The event takes place at 8 p.m., Wednesday, Feb. 26, Center for the Arts, UB North Campus, Amherst, NY.
“The Legacy and the Dream: Art Exhibition,” celebrates the life and work of Martin Luther King Jr. The exhibit will feature works by Edwin DeLoatch ‘13, whose poetry was featured in the fall 2013 edition of the Metropolitan Review; Wade De Loe; Clau van Holt; Paulette Jemmott; student Marvenia Knight, whose art work was selected for display in Gov. Andrew M. Cuomo’s Washington D.C. office; JahLib (Jehovah's Liberation); and James Napoleon '97.
Sponsored by the college’s Metropolitan New York Center, the reception takes place from 5:30-7:30 p.m., Wednesday, Feb. 26, at the center’s Livingston Gallery, 177 Livingston St., 6th Floor, Brooklyn.
President Gerald R. Ford first issued a Message on the Observance of Black History Month on Feb. 10, 1976, expanding what also is known as National African American History Month.
National African American History Month celebrates the contributions that African-Americans have made to American history in their struggles for freedom and equality and deepens understanding of the nation's history.
National African American History Month had its origins in 1915 when historian and author Dr. Carter G. Woodson founded the Association for the Study of Negro Life and History. This organization is known now as the Association for the Study of African American Life and History.
Through this organization, Woodson initiated the first Negro History Week in February 1926. Woodson selected the week in February that included the birthdays of Abraham Lincoln and Frederick Douglass, two key figures in the history of African-Americans.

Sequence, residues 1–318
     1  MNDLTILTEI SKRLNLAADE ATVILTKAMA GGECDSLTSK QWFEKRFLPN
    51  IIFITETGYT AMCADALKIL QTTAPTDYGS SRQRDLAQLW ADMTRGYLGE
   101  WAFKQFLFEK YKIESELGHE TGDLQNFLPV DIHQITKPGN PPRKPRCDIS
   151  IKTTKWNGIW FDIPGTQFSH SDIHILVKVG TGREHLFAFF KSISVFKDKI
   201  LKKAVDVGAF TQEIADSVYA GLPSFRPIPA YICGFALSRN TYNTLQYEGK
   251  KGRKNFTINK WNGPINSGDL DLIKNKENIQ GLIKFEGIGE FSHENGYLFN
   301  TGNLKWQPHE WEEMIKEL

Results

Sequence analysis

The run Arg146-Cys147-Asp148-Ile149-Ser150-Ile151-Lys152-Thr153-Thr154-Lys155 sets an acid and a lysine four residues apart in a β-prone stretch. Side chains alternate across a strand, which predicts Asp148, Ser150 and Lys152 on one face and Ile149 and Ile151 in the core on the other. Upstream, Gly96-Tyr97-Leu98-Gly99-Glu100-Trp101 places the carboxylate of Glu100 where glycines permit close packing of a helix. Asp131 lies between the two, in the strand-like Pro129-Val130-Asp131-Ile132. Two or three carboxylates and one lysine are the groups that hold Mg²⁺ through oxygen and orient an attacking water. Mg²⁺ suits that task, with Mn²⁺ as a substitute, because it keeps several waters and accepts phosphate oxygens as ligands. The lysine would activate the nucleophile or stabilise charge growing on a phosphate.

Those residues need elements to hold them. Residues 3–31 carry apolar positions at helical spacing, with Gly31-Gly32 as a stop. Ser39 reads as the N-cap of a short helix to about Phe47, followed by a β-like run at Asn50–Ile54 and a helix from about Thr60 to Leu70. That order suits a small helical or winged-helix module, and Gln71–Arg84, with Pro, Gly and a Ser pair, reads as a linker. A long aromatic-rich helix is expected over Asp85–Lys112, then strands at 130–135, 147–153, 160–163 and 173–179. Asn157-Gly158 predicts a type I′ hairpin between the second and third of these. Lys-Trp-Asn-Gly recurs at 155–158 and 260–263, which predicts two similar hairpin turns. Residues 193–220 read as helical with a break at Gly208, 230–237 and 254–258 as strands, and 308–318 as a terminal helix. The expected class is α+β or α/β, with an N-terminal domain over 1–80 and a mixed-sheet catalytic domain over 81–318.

More information is available by visiting the Library of Congress Black History Month website at http://www.africanamericanhistorymonth.gov/
SUNY Empire State College was established in 1971 to offer adult learners the opportunity to earn associate, bachelor’s and master’s degrees from the State University of New York.
In addition to awarding credit for prior college-level learning, the college pairs each student with a faculty mentor who supports that student throughout his or her college career. Students engage in guided independent study and course work onsite, online or through a combination of both, which provides the flexibility for students to learn at the time, place and pace they choose.
The college serves more than 20,000 students worldwide at more than 35 locations in the state of New York and online. Its 70,000 alumni are active in their communities as entrepreneurs, politicians, business professionals, artists, nonprofit agency employees, teachers, veterans and active military, union members and more. More information about the college is available here.
Media contact: David Henahan, director of communications
518-587-2100, ext. 2918
518-321-7038 (after hours and on weekends)
David M. Henahan, Director of Communications 518-587-2100, ext. 2918 David.Henahan@esc.edu
518-321-7038(after 5 p.m. and weekends)